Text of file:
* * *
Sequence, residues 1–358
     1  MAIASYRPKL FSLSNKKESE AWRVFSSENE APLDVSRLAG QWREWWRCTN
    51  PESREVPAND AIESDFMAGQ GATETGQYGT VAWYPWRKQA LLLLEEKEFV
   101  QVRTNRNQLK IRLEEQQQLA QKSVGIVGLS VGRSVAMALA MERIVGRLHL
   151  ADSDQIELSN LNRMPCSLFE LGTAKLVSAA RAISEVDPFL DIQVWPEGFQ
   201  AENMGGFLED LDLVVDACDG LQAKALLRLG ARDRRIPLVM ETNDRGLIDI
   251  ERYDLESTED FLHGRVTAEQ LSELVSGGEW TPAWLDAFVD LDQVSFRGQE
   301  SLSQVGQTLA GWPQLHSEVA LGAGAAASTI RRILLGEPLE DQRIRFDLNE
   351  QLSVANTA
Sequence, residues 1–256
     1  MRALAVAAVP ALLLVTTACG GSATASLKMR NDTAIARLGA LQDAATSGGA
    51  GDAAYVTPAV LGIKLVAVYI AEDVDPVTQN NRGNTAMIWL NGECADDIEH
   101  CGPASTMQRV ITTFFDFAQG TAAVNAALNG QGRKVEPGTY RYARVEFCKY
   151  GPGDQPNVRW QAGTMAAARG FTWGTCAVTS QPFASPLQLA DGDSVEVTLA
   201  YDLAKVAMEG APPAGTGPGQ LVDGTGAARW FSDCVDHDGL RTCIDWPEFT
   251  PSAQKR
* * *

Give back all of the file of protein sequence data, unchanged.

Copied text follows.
Sequence, residues 1–358
     1  MAIASYRPKL FSLSNKKESE AWRVFSSENE APLDVSRLAG QWREWWRCTN
    51  PESREVPAND AIESDFMAGQ GATETGQYGT VAWYPWRKQA LLLLEEKEFV
   101  QVRTNRNQLK IRLEEQQQLA QKSVGIVGLS VGRSVAMALA MERIVGRLHL
   151  ADSDQIELSN LNRMPCSLFE LGTAKLVSAA RAISEVDPFL DIQVWPEGFQ
   201  AENMGGFLED LDLVVDACDG LQAKALLRLG ARDRRIPLVM ETNDRGLIDI
   251  ERYDLESTED FLHGRVTAEQ LSELVSGGEW TPAWLDAFVD LDQVSFRGQE
   301  SLSQVGQTLA GWPQLHSEVA LGAGAAASTI RRILLGEPLE DQRIRFDLNE
   351  QLSVANTA
Sequence, residues 1–256
     1  MRALAVAAVP ALLLVTTACG GSATASLKMR NDTAIARLGA LQDAATSGGA
    51  GDAAYVTPAV LGIKLVAVYI AEDVDPVTQN NRGNTAMIWL NGECADDIEH
   101  CGPASTMQRV ITTFFDFAQG TAAVNAALNG QGRKVEPGTY RYARVEFCKY
   151  GPGDQPNVRW QAGTMAAARG FTWGTCAVTS QPFASPLQLA DGDSVEVTLA
   201  YDLAKVAMEG APPAGTGPGQ LVDGTGAARW FSDCVDHDGL RTCIDWPEFT
   251  PSAQKR